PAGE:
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In my very limited understanding of geometric quantization, we quantize spin by choosing as our phase space $S^2$ with a suitably normalized area form as the symplectic form. Depending on the normalization we get out a finite-dimensional Hilbert space corresponding to some spin $j$ particle.

My question is if/how angular momentum addition may be understood in this picture. In the Hilbert-space picture, we can write things like $1/2\otimes 1/2=0\oplus 1$; i.e., we may decompose tensor products of reps of $SU(2)$ into irreps. If we naively try translating such an equation into phase space, I assume tensor products of Hilbert spaces correspond to Cartesian products of phase spaces, but I have no idea how direct sums would be interpreted (disjoint unions?). Does thinking carefully about quantizing products of spheres give a nice geometric interpretation of angular momentum addition in phase space?

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I could give you an answer by barking up a very different tree indeed! In phase space QM, and not, repeat not geometric quantization, you may work on flat phase spaces and forfeit spheres altogether, the way you actually do in Hilbert spaces. If you can stomach that, read on, otherwise not, lest you feel your expectations betrayed.

Plain vanilla phase-space QM in a 2d phase space replicates the standard ladder algebraic features of quantized angular momentum in Hilbert space, with very parallel algebraic tricks, cf Exercise 0.8 of p.33 of that book. A long moment's thought should convince you then that Hilbert space addition of angular momentum maps isomorphically to a phase space equivalent, on tensor-product phase spaces, one-to-one corresponding to the Hilbert spaces. The Hilbert space comultiplication representing Kronecker multiplication of SU(2), $$ \Delta(J_a)\equiv J_a \otimes 1\!\!\!1 + 1\!\!\!1 \otimes J_a $$ will satisfy the same Lie Algebra as the left-and-right $J_a$s, and the Casimir $\Delta(J_a)\Delta(J_a)$ will be reducible to a direct sum of the Casimirs of the Clebsched reduced reps, so, then the respective eigenvalues times the respective identities in the block subspaces of each irrep.

The linear algebra is identical in phase space, but, as you might recall, operator multiplication amounts to star-multiplication of plain phase-space functions in each phase space of the tensor product. To eschew spinors as a first step, try Kronecker-multiplying two spin 1s, so, then 33=531, so, then, spin 2, 1, and 0. Half-integral spins can then be introduced in standard ways, cf. Brif & Mann.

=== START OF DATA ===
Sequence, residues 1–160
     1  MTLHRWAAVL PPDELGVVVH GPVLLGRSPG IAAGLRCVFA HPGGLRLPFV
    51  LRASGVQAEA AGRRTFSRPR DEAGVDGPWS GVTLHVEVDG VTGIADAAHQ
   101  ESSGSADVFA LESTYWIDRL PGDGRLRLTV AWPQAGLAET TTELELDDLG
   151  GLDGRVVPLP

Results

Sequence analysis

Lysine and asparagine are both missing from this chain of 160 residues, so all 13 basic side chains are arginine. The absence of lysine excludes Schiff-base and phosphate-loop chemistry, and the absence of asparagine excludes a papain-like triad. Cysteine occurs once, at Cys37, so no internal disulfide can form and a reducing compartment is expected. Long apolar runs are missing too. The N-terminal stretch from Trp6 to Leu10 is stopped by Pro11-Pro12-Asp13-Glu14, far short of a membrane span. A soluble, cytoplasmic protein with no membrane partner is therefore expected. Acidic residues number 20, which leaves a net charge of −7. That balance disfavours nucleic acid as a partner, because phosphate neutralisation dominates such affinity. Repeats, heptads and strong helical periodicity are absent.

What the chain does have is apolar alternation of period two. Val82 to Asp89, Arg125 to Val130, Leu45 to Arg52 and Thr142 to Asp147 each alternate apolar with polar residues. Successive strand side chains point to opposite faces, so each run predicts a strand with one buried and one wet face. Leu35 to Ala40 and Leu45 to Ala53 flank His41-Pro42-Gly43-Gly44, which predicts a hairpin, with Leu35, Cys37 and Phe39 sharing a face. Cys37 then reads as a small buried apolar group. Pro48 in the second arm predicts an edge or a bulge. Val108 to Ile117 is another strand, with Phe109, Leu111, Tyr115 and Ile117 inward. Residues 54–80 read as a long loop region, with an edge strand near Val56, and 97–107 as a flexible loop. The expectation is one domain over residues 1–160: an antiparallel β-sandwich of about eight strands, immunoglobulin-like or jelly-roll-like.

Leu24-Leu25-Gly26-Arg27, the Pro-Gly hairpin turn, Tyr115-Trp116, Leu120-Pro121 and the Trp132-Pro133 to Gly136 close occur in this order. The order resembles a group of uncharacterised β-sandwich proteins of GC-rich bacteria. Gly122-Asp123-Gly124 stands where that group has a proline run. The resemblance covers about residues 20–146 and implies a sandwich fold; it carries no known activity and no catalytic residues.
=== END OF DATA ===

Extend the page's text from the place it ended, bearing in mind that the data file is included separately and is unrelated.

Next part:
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  • $\begingroup$ Thank you so much for your answer! If I understand correctly, you are saying that on a 6-d phase space (I wasn't quite sure on how to do it with just one position coordinate) with coordinates $(\vec{x},\vec{p})$, if we define $\vec{L}=\vec{x}\times\vec{p}$, the $L_i$'s will commute under the moyal bracket identically to the way the corresponding operators do in QM, so on the product phase space with coordinates $(\vec{x}_1,\vec{p}_1,\vec{x}_2,\vec{p}_2)$ the usual highest-weight decomposition procedure works the exact same way. (1/3) $\endgroup$ – commutatertot Apr 9 '16 at 22:17
  • $\begingroup$ I was hoping there could be more geometrical picture. For instance, the adjoint rep for spin-1/2 is $0\oplus 1$, so my understanding is we may visualize hermitian operators over the spin-1/2 hilbert space (including density matrices) as functions over $S^2$, to first order in spherical harmonics, and endowed with the "fuzzy sphere" noncommutative product. Now $1/2\otimes 1/2=0\oplus 1$, and the adjoint rep of $0\oplus 1$ breaks up as a direct sum of operators from 0 to 0, from 0 to 1, from 1 to 0, and from 1 to 1. (2/3) $\endgroup$ – commutatertot Apr 9 '16 at 22:17
  • $\begingroup$ I wanted a way to visualize the "fuzzy functions" on $S^2\times S^2$ breaking up as a direct sum in a similar way, hopefully with a nice picture that would work for any addition-of-angular-momentum situation, but that may not be doable. In general, I was curious how phase spaces like $S^2\times S^2$ would be quantized. I apologize for confusing the terms "phase space QM" and "geometric QM," which are probably both different than what this is. Also, if I should edit my question with these details (I can also try to write more clearly and give better examples), let me know. (3/3) $\endgroup$ – commutatertot Apr 9 '16 at 22:17
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    $\begingroup$ In complete agreement with the (1/3) part. I was glib about spheres, your (2&3/3) as there are several schools with strong feelings about these, in phase space... My own favorites are Atakishyev et al. but that's just me...I find them easier to read... $\endgroup$ – Cosmas Zachos Apr 9 '16 at 22:33

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